Now watch this:
19 Then some Jews came from Antioch and Iconium and won the crowd over. They stoned Paul and dragged him outside the city, thinking he was dead.
Whoa! How can people be so fickle! One minute, “You’re a god!!” the next minute, “You’re dead!!” And consider, they’re dragging him past he priest, past the bulls that were brought to sacrifice to him as a god!
20 But after the disciples had gathered around him…
So the crowd of disciples gathered around him.
Do you see them?
Lois, Eunice, little Timothy. What an impression that would have made on a young heart. Of course, the violence could have happened so fast that all Eunice can do is cover Timothy’s face… when the rocks were hitting Paul… but what an awful spectacle to have seen. And how heartbreaking to think that this man who brought the message that changed your life has been killed before your very eyes. You draw near to his crumpled body which was dumped like garbage on the ground. And then…
he got up …
Now that’s amazing! How wonderful; one moment you’re mourning, now rejoicing that he’s alive.
…and went back into the city.
And now you’re inspired!
He goes back into the town that just stoned him!
I’d like more details on that; did he walk like the hero cowboy raised from the dead past silent, slightly terrified stone throwers who can’t believe what they’re seeing? Or did he just slip back into the homes of friends, lick his wounds and get ready to move on?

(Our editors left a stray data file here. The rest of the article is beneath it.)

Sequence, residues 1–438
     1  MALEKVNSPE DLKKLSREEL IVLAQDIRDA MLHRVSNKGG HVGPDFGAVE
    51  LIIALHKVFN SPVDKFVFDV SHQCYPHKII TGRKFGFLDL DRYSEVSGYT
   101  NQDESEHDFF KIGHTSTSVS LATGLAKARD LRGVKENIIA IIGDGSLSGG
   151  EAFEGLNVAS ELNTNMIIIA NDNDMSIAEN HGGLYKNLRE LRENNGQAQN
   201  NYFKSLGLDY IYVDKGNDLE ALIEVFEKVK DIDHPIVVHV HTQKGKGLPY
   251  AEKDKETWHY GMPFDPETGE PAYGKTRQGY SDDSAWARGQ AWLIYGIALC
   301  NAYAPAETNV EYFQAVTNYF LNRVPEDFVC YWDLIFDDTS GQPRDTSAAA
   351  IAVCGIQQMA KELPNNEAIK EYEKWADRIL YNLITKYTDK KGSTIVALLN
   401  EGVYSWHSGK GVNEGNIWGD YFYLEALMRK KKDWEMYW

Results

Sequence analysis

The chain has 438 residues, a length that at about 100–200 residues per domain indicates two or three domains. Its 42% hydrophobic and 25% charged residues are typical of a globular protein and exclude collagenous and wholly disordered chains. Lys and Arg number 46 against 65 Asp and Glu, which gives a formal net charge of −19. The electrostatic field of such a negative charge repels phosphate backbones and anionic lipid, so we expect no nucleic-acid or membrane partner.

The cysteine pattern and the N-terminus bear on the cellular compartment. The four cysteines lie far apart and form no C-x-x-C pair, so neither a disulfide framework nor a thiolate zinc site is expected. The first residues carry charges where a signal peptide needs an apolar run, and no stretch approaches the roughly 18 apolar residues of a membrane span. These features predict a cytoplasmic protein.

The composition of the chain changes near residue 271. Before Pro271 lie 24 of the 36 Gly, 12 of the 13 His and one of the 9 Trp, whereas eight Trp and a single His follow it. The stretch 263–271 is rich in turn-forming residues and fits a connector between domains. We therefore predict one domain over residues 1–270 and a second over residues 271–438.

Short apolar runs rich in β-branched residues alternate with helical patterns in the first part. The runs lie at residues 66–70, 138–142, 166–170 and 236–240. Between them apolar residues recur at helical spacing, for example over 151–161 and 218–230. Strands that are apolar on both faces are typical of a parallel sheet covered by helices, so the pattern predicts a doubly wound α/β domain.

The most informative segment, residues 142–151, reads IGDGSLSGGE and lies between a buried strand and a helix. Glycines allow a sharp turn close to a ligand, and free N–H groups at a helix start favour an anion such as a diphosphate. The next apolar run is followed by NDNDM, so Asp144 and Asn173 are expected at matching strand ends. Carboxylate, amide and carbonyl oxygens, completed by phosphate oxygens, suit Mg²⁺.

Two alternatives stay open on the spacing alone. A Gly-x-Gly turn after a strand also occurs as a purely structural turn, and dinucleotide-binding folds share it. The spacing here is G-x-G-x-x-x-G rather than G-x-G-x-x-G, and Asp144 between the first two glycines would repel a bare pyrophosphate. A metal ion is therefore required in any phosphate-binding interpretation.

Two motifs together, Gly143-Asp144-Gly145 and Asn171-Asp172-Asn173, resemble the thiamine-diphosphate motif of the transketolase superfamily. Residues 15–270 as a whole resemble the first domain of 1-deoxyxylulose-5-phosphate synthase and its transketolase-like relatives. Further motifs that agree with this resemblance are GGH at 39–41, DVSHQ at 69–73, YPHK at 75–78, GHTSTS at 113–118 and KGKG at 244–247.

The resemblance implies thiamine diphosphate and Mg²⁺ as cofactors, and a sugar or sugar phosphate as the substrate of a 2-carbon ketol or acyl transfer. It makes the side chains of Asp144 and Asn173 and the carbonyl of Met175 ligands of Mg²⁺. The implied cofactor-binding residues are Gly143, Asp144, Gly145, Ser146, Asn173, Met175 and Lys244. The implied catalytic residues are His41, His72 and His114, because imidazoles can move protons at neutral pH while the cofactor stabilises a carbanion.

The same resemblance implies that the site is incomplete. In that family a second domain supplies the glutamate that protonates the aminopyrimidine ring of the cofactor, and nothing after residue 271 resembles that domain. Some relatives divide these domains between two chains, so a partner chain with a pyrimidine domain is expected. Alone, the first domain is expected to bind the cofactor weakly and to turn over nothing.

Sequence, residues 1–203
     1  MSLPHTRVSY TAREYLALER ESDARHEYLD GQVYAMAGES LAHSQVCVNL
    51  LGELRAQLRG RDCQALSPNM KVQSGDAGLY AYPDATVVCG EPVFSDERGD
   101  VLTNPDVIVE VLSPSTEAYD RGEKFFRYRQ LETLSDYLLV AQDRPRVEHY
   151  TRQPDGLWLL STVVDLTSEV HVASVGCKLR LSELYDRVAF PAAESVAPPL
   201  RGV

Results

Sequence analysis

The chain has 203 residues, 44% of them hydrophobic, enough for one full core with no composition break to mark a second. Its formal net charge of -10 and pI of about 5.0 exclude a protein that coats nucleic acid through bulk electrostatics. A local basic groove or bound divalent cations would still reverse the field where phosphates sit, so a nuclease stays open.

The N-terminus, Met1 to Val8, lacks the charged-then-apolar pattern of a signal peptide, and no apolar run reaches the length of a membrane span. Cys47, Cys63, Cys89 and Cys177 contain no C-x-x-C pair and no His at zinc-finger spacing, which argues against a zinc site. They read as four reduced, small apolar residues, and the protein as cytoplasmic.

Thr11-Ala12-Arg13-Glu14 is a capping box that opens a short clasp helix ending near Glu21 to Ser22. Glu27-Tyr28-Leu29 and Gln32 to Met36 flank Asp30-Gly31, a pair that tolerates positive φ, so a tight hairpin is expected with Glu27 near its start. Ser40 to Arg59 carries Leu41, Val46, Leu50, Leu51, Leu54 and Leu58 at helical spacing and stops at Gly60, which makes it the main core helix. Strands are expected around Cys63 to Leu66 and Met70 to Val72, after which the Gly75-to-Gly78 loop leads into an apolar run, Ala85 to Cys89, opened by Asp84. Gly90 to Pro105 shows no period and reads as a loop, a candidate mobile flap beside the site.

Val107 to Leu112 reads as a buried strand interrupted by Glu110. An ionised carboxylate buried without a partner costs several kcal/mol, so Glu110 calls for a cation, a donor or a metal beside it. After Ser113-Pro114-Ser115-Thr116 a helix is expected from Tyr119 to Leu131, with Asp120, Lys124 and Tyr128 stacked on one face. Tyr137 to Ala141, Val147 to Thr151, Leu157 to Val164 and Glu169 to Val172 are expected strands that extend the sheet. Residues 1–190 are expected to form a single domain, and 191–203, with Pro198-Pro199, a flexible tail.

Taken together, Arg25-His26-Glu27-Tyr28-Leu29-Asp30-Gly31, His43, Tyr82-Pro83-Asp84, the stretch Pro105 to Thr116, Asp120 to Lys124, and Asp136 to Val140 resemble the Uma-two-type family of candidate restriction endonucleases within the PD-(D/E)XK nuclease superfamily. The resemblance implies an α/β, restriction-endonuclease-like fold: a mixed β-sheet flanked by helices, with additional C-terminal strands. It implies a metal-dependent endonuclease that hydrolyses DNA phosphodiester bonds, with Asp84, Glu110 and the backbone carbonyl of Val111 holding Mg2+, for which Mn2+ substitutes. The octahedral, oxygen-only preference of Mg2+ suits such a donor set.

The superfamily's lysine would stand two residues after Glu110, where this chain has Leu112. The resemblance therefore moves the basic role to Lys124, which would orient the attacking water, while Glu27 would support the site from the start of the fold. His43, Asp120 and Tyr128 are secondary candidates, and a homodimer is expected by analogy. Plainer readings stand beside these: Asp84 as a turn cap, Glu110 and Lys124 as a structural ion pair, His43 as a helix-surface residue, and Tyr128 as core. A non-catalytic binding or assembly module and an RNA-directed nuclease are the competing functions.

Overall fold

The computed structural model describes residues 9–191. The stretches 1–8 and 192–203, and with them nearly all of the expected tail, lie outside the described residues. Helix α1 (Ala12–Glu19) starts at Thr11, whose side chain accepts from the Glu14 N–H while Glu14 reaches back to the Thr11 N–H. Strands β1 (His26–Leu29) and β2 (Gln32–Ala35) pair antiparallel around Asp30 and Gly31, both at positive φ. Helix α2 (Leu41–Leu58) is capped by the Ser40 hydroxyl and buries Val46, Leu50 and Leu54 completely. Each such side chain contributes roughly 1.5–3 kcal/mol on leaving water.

I’ve always pictured him being taken to a young physician’s house; an unbeliever named Luke who nursed his wounds and encouraged Paul to take up another line of work. Luke became a disciple somewhere, somehow; but in my mind it was a tough sell and he was bit more like Bones than Watson. (either Holmes or House).
The next day he and Barnabas left for Derbe.
Yeah, I think it’s time to get out of Lystra. You’ve done enough.
21 They preached the gospel in that city and won a large number of disciples. Then they returned to Lystra…
Wait a minute! If there’s any town I’d have just gone around!
… Iconium and Antioch, 22 strengthening the disciples and encouraging them to remain true to the faith. “We must go through many hardships to enter the kingdom of God,” they said. 23 Paul and Barnabas appointed elders[a] for them in each church and, with prayer and fasting, committed them to the Lord, in whom they had put their trust. 24 After going through Pisidia, they came into Pamphylia, 25 and when they had preached the word in Perga, they went down to Attalia.
26 From Attalia they sailed back to Antioch, where they had been committed to the grace of God for the work they had now completed. 27 On arriving there, they gathered the church together and reported all that God had done through them and how he had opened a door of faith to the Gentiles. 28 And they stayed there a long time with the disciples.
Take aways for today:
1). Sometimes people will say you’re great. Then they will change their mind. Don’t let either of those two things change you.
2). Sometimes we think getting up after being knocked down is a victory. It’s better than lying there. But the direction you go after you get up says as much about you as the fact that you didn’t just quit. You can’t quit; but you can’t just stand there, either. You have to pick a direction, you have to do something… maybe the very thing that got you knocked down in the first place.
3). In every crowd that’s throwing rocks at you, there’s a young person willing to follow you anywhere you’ll lead them.
slj june 14, 2016